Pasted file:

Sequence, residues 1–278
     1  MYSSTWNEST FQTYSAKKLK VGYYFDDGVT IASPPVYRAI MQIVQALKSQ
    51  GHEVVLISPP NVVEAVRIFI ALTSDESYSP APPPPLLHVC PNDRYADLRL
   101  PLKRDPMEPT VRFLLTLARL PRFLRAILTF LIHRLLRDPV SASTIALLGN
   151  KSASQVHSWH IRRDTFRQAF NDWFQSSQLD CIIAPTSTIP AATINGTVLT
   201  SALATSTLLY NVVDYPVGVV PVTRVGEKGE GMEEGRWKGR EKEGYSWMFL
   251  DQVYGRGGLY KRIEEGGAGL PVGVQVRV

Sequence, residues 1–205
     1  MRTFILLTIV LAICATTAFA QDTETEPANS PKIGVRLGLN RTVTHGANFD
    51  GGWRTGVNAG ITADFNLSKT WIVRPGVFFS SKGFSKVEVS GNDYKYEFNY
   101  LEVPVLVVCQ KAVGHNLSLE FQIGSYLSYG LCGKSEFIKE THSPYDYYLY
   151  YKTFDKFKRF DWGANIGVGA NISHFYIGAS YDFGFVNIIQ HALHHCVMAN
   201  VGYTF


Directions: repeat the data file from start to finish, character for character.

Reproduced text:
Sequence, residues 1–278
     1  MYSSTWNEST FQTYSAKKLK VGYYFDDGVT IASPPVYRAI MQIVQALKSQ
    51  GHEVVLISPP NVVEAVRIFI ALTSDESYSP APPPPLLHVC PNDRYADLRL
   101  PLKRDPMEPT VRFLLTLARL PRFLRAILTF LIHRLLRDPV SASTIALLGN
   151  KSASQVHSWH IRRDTFRQAF NDWFQSSQLD CIIAPTSTIP AATINGTVLT
   201  SALATSTLLY NVVDYPVGVV PVTRVGEKGE GMEEGRWKGR EKEGYSWMFL
   251  DQVYGRGGLY KRIEEGGAGL PVGVQVRV

Sequence, residues 1–205
     1  MRTFILLTIV LAICATTAFA QDTETEPANS PKIGVRLGLN RTVTHGANFD
    51  GGWRTGVNAG ITADFNLSKT WIVRPGVFFS SKGFSKVEVS GNDYKYEFNY
   101  LEVPVLVVCQ KAVGHNLSLE FQIGSYLSYG LCGKSEFIKE THSPYDYYLY
   151  YKTFDKFKRF DWGANIGVGA NISHFYIGAS YDFGFVNIIQ HALHHCVMAN
   201  VGYTF